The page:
• Lucy Francis

Mood Food

Can nutrition improve mental health?


Whilst nutrition and diet isn't considered a 'treatment' for mental health disorders clinically, recent research has established that diet quality and nutritional status are evidently important factors in mental health and can bring significant positive effects on depression, WITHOUT side effects, large financial contributions or long waiting lists for the Dr's office.


The Smiles Trial in 2017 was the first randomised control trial of it's kind (large study) which monitored 67 participants over 12-weeks.


The participants for the study were adults who were depressed and had a 'clinically defined' poor diet (a diet low in fibre, fruit, vegetables and lean protein, and high in sweets, salty snacks and processed meats).


What participants were encouraged to eat for12 weeks:

  • Whole grains (5–8 portions per day)

  • Vegetables (6 per day)

  • Fruit (3 per day)

  • Legumes/beans (3–4 per week)

  • Low-fat and unsweetened dairy foods (2–3 per day)

  • Raw and unsalted nuts (1 per day)

  • Fish (at least 2 per week)

  • Lean red meats (3–4 per week)

  • Chicken (2–3 per week)

  • Eggs (up to 6 per week)

  • Olive oil (3 tablespoons per day)

This is a similar representation of a Mediterranean diet pattern.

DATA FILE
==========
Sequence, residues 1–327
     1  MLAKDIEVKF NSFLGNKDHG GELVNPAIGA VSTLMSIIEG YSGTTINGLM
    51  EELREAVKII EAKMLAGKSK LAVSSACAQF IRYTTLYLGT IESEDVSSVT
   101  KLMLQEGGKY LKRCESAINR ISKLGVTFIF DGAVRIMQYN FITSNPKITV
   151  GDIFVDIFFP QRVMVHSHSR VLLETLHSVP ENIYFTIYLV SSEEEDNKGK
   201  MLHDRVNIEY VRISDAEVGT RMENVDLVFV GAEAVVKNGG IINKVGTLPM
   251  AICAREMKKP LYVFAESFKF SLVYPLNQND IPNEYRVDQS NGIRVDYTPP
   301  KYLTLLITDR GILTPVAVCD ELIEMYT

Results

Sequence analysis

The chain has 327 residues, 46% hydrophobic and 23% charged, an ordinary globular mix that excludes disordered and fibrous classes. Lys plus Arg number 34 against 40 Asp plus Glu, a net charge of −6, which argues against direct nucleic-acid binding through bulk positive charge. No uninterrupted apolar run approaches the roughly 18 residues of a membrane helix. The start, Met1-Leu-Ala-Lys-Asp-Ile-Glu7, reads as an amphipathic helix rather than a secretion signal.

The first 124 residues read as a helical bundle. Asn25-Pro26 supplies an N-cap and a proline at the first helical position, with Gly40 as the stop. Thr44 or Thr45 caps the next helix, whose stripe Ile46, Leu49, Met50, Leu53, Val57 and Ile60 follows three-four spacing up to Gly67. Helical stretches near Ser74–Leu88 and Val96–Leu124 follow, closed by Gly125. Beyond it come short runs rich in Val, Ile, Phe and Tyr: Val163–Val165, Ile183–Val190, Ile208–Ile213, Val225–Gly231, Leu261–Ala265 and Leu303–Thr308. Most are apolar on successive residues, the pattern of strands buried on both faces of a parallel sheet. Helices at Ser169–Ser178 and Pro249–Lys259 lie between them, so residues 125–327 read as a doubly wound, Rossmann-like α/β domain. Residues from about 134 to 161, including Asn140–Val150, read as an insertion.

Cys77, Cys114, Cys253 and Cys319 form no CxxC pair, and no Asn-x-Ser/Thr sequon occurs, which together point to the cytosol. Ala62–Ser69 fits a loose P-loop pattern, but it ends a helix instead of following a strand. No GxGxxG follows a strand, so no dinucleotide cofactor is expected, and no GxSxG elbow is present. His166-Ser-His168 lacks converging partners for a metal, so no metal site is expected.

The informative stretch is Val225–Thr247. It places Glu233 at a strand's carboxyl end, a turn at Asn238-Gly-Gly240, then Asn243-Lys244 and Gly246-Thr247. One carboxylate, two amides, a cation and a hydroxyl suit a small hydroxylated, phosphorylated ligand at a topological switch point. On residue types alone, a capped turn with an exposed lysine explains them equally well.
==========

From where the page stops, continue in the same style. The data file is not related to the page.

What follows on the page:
Participants also received seven one hour sessions with a registered nutritionist where they were provided personalised nutritional advice, meal example plans and motivational coaching.


What participants were advised to reduce in the diet:


  • Sweets/candy

  • Refined cereals (i.e. coco pops, sugary cornflakes etc)

  • Fried food and fast-food

  • Processed meats

  • Sugary drinks

No more than x3 of these above food/beverages per week. Plus, no more than x2 glasses of wine daily - and if they did, to choose red wine and consume only with a meal.


So what happened?


  • After the 12 week intervention, the dietary intervention group were four times more likely to be in remission than the control group (who were receiving social support only).

  • Their anxiety severity had reduced

  • Researchers pointed towards other potential positive outcomes with this intervention for other problems that are typically associated with depression, i.e. cardiovascular disease, type 2 diabetes and obesity.


Also, another analysis, the NNT, was recorded (side note: If a drug/method worked for everyone then the NNT would be 1) - The Smiles intervention had a score of 4! Antidepressant drugs typically score between ranges of 5-16.


This is really encouraging and shows there are changes we can make to our nutrition, adjunct to treatment, if needed to potentially improve our mental wellbeing. Please always discuss your treatment options and/or alternative lifestyle/nutrition strategies with your Dr so they can provide an optimally safe care-plan for you.


Stay tuned for an upcoming article where I explore specific nutrients for mood and mental health.


L x


Study in discussion: https://bmcmedicine.biomedcentral.com/articles/10.1186/s12916-017-0791-y#change-history

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